Chicago, Ill. (PRWEB) November 26, 2013
According to the U.S. Department of Energy, the Energy Independence and Security Act of 2007 was signed into law on December 19, 2007, establishing energy management goals and requirements – Congress passed this to promote the use of more efficient bulbs nationwide.
Beginning January 1, 2014, production of the 60W and 40W incandescent lamps will be eliminated; there have been a few of these phase-outs in the past, but this will definitely be one of the more difficult ones for consumers.
According to residentiallighing.com, EISA is being implemented over a three-year span and began January 1, 2012 with 100W incandescent lamps and in 2013 the 75W incandescent lamps were phased out.
In a residentiallighting.com article, Terry McGowan, Director of Engineering and Technology, said this new phase out will be a difficult adjustment but the lighting industry will modify accordingly.
“Something is going to happen here that we haven’t gone through before and the lighting industry will have come up with answers that are easy to find and easy to understand, more so than ever before,” McGowan said.
Although there is already increased availability for more energy efficient bulbs, this year’s phase-out will be far more intense as 60W bulbs have the biggest market share. Manufacturers are beginning to offer various resources for consumers in order to aid them throughout this process but this whole phase-out is a learning process for everyone.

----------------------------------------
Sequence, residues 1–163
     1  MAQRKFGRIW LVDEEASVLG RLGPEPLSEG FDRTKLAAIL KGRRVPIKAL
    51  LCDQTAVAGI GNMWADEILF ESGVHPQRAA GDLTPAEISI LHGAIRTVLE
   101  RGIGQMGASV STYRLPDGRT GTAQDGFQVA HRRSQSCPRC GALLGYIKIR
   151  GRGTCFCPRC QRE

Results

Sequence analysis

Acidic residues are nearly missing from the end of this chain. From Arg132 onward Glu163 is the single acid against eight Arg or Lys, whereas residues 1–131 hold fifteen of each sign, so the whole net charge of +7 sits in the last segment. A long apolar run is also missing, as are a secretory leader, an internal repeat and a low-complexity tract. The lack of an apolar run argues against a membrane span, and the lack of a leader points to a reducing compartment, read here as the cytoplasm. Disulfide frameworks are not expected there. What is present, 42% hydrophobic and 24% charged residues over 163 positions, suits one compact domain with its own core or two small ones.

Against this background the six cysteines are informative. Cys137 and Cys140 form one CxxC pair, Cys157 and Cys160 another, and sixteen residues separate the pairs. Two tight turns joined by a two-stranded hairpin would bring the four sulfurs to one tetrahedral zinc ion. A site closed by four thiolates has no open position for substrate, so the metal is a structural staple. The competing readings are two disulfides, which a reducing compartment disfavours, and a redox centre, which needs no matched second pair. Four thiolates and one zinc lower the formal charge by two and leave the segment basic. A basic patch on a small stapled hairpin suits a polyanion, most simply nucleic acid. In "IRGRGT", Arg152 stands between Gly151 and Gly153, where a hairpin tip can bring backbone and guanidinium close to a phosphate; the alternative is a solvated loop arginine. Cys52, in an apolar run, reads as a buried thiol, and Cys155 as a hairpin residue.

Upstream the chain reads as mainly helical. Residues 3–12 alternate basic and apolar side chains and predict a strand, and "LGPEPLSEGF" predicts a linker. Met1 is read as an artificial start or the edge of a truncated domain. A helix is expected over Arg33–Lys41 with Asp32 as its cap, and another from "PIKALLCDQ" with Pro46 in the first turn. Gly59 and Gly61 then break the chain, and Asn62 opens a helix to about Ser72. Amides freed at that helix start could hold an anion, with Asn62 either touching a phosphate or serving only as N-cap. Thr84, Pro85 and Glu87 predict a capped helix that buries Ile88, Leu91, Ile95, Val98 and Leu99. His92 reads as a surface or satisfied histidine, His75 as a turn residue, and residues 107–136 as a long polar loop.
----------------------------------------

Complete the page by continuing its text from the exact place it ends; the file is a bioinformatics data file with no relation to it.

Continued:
According to www1.eere.energy.gov, California is one step ahead as EISA’s phase-outs were taken on one year earlier than the rest of the country and they have already reduced and ultimately eliminated 60W and 40W incandescent production; California is now seeing a major increase in the adoption of residential LED lighting.
Michael Siminovitch, Professor and Rosenfeld chair at the University of California, Davis said in a residentiallighting.com article that throughout this course energy efficiency is important but it is the quality of light that they need to pay attention to.
“The main point is that we need to develop regulatory processes, educational programs and other efforts that support the consumer and the industry in making that happen,” Siminovitch said.
In order to prepare for this EISA phase-out, remember that consumers are not required to throw out the existing bulbs in their homes – manufacturers merely cannot manufacture specific bulbs based on EISA’s specifications. As the industry and consumers move forward with this change, the array of energy-efficient substitutes out there is immense; consumers will be able to choose from better technology such as energy-efficient soft white bulbs, CFLs and LED options.